If you thought grazier Frank Finger and his kelpies Annie and Lucifer had already reached peak wholesomeness you were wrong.
The trio, who stole hearts in ABC TV’s Muster Dogs series, has started nursing home visits to provide companionship and engage residents who spend most of their time inside.
“I just have an interest in that and wanted to be able to help,” Mr Finger said.
“I’ve been wanting to do it all year but because of COVID we couldn’t do it until [a few] weeks ago.”
The working dogs swapped the paddocks for the Montcler Nursing Home, a small facility adjoining Clermont Hospital in central Queensland.
Mr Finger said the residents were all people he had done business with or were from surrounding properties.
“I know them all,” he said.
“They’re all people who’ve had a part, way back, in shaping what I am.”
The canine celebrities made an impromptu visit to an Atherton facility in June, but Mr Finger said regular visits to see the residents in the local home were his priority.
“It is sad because last time you see them they’re in the street and now they’re here,” he said.
“But that’s life and if we can help, we’ll keep coming.”
Merle Pryde, 96, has known Mr Finger since he was a little boy.
“It’s always a joy to see Frank,” she said.
“Some dogs are very shy, they won’t go near anyone they don’t know. But these dogs, they’re very friendly.
Ms Pryde said spending time with champion muster dog Annie, named after Mr Finger’s late mother, was a highlight.
“When my mum died early, Frank’s mum did a lot of things for me,” she said.
“She was a very good friend and a very lovely person, and so is Frank.”
Ivan Bettrdige, 98, said he looked forward to future visits.
“They get to like you, they stay with you and starve with you.
“That’s what dogs are like, they’re very good.”
Benefits of pet therapy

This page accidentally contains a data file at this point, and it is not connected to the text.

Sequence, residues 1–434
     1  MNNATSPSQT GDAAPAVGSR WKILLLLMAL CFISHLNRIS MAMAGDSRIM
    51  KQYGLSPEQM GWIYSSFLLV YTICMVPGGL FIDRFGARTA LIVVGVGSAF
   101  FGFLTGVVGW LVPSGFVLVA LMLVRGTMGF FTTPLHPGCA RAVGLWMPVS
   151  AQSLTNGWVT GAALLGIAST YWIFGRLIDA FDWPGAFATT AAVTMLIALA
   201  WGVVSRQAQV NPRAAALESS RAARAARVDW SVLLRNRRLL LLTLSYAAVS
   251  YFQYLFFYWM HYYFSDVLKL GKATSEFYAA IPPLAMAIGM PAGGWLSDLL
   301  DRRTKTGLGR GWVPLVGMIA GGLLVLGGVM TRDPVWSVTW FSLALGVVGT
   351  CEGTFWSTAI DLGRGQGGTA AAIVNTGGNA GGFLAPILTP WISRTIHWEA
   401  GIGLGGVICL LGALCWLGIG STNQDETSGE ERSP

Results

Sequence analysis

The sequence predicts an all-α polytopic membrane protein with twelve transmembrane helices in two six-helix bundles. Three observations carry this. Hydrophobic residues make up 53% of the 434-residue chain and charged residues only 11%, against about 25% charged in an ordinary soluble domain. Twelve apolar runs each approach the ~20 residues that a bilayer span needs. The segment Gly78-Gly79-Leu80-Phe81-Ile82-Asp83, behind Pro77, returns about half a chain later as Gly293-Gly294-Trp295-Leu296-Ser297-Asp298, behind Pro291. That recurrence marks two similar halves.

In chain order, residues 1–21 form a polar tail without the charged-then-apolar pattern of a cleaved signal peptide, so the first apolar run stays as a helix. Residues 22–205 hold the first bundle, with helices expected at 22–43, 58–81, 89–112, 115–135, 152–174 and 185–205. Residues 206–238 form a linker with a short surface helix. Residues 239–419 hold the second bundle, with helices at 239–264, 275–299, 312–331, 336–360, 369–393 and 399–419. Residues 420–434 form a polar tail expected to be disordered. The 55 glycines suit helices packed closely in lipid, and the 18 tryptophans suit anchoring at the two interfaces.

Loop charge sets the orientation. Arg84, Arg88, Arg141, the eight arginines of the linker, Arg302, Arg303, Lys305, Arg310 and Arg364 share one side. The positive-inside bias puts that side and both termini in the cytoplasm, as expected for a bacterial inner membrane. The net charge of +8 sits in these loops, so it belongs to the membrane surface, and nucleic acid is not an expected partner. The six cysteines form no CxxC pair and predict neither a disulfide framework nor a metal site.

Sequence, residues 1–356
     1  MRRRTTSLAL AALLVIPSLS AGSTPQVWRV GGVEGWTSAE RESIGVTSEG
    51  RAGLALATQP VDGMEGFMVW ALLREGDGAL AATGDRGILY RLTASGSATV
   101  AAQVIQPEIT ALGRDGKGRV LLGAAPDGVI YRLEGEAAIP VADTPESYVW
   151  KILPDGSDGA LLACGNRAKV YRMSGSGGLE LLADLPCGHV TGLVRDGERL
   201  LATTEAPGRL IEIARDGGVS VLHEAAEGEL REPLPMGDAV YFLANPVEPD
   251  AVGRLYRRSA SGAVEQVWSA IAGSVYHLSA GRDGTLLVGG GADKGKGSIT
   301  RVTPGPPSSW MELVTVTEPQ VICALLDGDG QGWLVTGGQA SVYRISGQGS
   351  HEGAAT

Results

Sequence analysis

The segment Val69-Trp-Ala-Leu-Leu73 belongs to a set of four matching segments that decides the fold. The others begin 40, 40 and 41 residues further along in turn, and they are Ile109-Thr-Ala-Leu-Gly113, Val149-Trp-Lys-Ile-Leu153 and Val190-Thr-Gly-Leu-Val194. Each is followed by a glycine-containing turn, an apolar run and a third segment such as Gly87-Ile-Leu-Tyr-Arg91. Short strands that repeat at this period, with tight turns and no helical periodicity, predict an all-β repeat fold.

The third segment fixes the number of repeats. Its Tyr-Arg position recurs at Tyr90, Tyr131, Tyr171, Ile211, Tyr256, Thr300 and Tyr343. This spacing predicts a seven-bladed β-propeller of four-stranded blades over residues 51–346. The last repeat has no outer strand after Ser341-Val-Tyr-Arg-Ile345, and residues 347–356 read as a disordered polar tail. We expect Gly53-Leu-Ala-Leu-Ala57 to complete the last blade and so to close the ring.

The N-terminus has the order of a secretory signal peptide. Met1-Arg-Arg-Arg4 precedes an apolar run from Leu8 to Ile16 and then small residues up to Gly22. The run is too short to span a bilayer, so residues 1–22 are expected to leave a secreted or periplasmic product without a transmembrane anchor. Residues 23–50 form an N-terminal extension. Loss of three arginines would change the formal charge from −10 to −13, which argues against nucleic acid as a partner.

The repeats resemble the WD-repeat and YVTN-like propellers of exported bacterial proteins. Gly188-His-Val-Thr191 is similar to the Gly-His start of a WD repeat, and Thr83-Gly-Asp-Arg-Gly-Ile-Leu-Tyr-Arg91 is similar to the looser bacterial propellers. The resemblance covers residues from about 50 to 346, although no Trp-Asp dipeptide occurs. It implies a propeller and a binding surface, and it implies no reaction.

Diversional therapist Claudia Stephson said finding ways to engage residents, tailored to their individual interests, was important.
“The daughter of one of our residents said Frank would be willing to come and visit and asked would we be interested — we jumped on that,” she said.
“Pet therapy is wonderful and some homes have their own dog or cat, but a visit from dogs that you’ve seen on TV that just adds that little bit of extra spice.”
Ms Stephson noticed an immediate difference in most residents.
“It’s uplifting,” she said.
“It’s not just for the three-quarters of an hour or an hour that he’s here, it takes weeks for the effect to subside.
“The dogs by themselves would be wonderful, just the contact, it’s very comforting.
“But the fact that most people know Frank, call him Frankie or knew his mum, know his family, compare notes about cousins — it makes it even more meaningful and he’s quite a lovely bloke.”
Mr Finger said the kelpies could tell which residents were keen to interact.
“I think [Annie and Lucifer] were accepting it — they probably don’t know what it is but if we make these regular visits they’ll probably look forward to it just as much as the people,” he said.
Watch Frank Finger and his beautiful dogs in the much-loved ABC TV Series Muster Dogs on ABC iview.